Last week, the Bitcoin network hash rate hit an all-time high, the umpteenth this year. This means that the network is now extra secure, but also that competition for miners is fierce. The renewed increase is already noticeable because sales have fallen sharply.
Bitcoin miner sales are falling again
The mining difficulty rose to a new record last week, but the hashrate has since dropped slightly, according to Blockchain.com. After all, nothing is going up in a straight line, and the higher value means miners are less likely to do their thing.
They compete for the same number of coins, leaving the miners with the lowest cost. The lower hash rate suggests that some miners have already powered off and possibly even stopped their devices.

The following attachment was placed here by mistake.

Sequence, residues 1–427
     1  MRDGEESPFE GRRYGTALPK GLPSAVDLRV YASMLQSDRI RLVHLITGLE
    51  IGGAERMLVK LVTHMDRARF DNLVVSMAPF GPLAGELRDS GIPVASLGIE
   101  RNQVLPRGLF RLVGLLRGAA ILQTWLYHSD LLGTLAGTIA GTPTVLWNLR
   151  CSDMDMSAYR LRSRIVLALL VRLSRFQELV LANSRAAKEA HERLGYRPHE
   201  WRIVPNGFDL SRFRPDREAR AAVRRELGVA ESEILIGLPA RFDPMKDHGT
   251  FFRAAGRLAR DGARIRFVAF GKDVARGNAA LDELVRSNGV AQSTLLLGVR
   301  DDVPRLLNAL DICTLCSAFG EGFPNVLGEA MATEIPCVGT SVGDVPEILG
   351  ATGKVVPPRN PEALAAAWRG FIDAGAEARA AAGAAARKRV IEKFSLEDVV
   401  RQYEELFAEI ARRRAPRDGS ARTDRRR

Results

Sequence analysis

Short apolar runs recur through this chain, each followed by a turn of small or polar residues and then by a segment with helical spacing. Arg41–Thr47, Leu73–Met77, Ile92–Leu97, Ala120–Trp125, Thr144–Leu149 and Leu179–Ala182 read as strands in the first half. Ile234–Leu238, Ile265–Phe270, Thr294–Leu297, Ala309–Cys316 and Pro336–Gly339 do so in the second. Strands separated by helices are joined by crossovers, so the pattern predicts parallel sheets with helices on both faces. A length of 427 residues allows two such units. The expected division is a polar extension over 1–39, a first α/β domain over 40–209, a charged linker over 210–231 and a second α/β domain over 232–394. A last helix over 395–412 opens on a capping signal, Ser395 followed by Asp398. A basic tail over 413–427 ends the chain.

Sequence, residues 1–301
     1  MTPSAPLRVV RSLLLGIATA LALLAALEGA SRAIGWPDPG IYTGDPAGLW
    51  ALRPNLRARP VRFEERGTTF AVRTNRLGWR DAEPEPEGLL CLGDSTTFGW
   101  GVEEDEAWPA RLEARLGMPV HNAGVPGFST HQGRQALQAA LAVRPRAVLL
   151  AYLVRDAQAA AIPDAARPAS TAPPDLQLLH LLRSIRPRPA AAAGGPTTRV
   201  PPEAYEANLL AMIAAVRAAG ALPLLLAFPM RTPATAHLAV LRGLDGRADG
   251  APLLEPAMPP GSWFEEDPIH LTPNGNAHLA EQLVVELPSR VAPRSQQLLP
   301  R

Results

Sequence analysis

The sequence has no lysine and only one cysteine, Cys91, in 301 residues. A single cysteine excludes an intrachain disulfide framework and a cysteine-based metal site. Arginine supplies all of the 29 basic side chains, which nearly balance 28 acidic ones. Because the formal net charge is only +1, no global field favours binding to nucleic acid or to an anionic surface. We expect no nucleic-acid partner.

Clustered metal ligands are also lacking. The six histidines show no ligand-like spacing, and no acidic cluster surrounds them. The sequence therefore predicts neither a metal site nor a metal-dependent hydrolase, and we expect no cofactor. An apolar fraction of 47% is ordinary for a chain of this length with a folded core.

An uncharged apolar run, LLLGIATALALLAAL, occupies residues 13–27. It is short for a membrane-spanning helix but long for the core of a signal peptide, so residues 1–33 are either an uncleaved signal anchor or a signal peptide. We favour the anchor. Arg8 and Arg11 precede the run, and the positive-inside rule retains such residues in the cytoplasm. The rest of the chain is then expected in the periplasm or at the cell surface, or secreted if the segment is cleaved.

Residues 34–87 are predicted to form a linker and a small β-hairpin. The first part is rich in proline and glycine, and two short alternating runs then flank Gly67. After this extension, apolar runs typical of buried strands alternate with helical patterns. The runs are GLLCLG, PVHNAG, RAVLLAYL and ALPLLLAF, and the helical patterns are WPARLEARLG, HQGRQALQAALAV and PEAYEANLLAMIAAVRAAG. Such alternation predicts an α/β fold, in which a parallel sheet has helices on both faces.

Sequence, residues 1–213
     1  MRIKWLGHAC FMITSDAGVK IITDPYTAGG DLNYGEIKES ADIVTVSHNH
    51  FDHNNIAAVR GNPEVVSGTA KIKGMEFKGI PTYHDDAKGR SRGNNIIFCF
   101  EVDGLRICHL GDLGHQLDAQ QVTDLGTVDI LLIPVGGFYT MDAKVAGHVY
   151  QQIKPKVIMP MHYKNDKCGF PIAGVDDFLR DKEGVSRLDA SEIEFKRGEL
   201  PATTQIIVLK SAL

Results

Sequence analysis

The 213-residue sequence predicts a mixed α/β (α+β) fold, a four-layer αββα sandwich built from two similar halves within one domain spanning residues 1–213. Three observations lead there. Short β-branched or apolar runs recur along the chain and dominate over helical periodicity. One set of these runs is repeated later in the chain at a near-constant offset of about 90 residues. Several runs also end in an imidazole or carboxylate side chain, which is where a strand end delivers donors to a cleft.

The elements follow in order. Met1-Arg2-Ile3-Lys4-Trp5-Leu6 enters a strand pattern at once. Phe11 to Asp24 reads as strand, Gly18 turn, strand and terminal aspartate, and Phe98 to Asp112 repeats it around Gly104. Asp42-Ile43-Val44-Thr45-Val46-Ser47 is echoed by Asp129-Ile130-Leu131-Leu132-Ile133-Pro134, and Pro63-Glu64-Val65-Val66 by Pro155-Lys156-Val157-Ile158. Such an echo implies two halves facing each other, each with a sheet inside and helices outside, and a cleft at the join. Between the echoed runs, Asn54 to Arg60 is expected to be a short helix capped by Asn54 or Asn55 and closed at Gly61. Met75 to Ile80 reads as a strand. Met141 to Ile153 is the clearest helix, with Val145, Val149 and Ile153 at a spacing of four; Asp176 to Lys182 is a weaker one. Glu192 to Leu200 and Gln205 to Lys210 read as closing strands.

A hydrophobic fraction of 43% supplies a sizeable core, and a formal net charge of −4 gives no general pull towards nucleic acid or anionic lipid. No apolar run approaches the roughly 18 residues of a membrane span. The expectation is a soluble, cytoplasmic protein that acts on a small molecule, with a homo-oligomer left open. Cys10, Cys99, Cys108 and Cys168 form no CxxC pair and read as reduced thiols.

We can also see this in the miner earnings estimated by Blockchain.com. This is the lowest level since late June. Shortly before, these parties were still forced to send many of their coins to exchanges.
Estimated total miner revenue per day in mid-August was $29.8 billion per day, and is now around $24.5 billion per day — a decline of almost 18%. It peaked at around $35.3 billion in mid-May, and sales have already fallen 30% since then. This suggests that miners are suffering from heavy competition.
Bitcoin halving will be difficult for miners
Many analysts anticipate that companies in the bitcoin mining sector will have a much harder time as the next bitcoin halving is scheduled to take place in May next year. This means that from then on, miners will earn half as much bitcoin as they do today.
For example, the American investment bank JPMorgan assumes that many miners will not be able to cope with it. While the bank notes that many miners are still making profits, as the average production cost for 1 BTC is currently around $20,000.
Meanwhile, former Dutch institutional investor PlanB is still very optimistic. His model now seems to be correct again, and he assumes that the price can only be higher next year. In fact, the next bull market would have started right now.